From Jazzilla to Nixon In China

Posted by Vancouver Opera On 12:18 PM
Vancouverites packed the Queen Elizabeth Theatre recently for the Vancouver Opera's Canadian premiere of Nixon in China. Dubbed "the first CNN opera", the $1.4 million mounting of John Adams' acclaimed opera tells the story of the U.S. president's historic 1972 visit to China.

Championed by philanthropist and mega opera supporter Martha Lou Henley, Vancouver Opera's general director James Wright and board chair Alex Besharat welcomed patrons to the opening night celebrations. Among the bright lights in attendance were Mayor Gregor Robertson and his wife, Amy; U.S. Consul General Phillip Chicola and his wife, Vicky; Hassan and Nezhat Khosrowshahi; Moh and Yulanda Faris; Ori and Pam Kowarsky; Arlene Gladstone; Manjy Sidoo; Susan Van der Flier and Carmen Murphy.

Mixing music with politics to tell the tale of the momentous meeting between President Richard Nixon and Chairman Mao Zedong - a meeting that change the course of history and East-West relations - Adamas and libretist Alice Goodman turned operatic convention on its head with an ecletic mix of traditional symphonic writing, big-band utterances (a saxophone quartet), and a kind of '80s pop rock.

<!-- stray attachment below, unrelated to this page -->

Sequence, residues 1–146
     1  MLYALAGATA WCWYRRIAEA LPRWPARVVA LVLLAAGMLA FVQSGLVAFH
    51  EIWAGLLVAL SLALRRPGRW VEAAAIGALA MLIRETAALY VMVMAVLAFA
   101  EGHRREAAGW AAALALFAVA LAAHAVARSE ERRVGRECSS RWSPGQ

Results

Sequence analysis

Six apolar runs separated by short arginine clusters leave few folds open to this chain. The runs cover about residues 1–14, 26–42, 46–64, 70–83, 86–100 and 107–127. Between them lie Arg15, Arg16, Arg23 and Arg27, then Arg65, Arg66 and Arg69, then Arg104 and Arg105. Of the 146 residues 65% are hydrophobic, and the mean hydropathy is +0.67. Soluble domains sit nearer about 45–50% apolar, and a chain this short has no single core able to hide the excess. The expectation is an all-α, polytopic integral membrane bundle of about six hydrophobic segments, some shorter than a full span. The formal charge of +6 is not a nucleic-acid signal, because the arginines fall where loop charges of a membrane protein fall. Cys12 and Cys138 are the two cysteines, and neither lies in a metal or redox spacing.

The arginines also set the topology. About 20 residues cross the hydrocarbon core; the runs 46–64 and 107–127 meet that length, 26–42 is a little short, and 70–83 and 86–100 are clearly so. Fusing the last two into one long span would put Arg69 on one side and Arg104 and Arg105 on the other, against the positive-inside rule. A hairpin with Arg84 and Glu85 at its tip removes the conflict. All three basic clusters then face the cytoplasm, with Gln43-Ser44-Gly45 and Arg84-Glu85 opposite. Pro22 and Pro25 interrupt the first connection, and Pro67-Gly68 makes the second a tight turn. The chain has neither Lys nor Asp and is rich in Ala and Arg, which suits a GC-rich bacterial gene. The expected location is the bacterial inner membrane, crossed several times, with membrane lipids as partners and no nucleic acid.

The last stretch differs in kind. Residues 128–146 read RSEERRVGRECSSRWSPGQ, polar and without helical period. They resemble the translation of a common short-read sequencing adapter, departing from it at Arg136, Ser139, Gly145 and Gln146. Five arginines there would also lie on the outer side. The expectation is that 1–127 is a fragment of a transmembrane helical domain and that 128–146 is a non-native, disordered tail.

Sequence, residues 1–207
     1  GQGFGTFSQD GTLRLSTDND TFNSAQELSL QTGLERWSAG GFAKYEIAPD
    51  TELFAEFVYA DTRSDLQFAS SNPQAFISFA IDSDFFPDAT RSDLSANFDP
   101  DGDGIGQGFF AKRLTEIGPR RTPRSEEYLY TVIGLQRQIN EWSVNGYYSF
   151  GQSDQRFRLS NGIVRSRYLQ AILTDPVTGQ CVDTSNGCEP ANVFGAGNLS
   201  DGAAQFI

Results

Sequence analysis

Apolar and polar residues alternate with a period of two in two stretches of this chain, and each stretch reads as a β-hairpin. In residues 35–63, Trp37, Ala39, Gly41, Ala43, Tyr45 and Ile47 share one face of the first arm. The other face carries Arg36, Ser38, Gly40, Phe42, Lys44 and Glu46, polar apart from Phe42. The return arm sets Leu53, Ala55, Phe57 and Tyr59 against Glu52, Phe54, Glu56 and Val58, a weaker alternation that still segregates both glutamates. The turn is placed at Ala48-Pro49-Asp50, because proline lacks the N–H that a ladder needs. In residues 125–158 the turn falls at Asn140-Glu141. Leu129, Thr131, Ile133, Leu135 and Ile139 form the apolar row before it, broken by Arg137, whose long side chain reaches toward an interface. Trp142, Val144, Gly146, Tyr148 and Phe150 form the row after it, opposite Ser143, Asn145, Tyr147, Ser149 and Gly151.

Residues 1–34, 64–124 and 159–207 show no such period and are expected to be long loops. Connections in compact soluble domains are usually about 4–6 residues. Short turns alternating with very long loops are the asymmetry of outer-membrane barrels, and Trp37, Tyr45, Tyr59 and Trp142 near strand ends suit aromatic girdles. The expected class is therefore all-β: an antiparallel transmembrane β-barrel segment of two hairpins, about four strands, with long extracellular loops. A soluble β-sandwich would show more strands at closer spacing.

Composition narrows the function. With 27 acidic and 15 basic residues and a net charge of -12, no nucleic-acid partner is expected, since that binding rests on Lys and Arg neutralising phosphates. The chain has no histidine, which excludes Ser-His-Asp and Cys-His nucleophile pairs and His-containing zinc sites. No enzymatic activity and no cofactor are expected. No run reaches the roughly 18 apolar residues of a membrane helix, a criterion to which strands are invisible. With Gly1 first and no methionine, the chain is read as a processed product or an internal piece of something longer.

Sally Dibblee as Pat Nixon, Tracy Dahl as Madame Mao and Alan Woodrow as Mao delivered powerful performances, with special props to baritone Robert Orth, whose statemanlike characterization of Nixon was uncanny. Under the direction of John DeMain, the Vancouver Opera orchestra was finely tuned. Kudos to Wright and the Vancouver Opera for mounting a modern masterpiece during a time of recession and uncertainly. The investment paid off in spades.

"We are grateful to all who contributed," said Wright. "We are particularly grateful to Vancouver 2010 Cultural Olympiad for its production sponsorship, the the B.C. Arts Council for its extraordinary support of the production and to Martha Lou Henley for her continuing generosity and for chamioning this important Canadian premiere.

As seen in the March 20, 2010 National Post: City Life-Parties, Culture & Society by Fred Lee

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